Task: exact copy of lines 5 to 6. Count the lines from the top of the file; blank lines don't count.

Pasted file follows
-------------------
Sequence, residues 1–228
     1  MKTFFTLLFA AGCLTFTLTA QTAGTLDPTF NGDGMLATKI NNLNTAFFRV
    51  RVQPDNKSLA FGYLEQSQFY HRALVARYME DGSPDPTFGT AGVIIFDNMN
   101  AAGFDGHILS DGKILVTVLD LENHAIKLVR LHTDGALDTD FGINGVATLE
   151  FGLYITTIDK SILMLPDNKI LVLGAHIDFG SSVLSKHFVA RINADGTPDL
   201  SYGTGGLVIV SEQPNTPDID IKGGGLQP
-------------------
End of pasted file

   151  FGLYITTIDK SILMLPDNKI LVLGAHIDFG SSVLSKHFVA RINADGTPDL
   201  SYGTGGLVIV SEQPNTPDID IKGGGLQP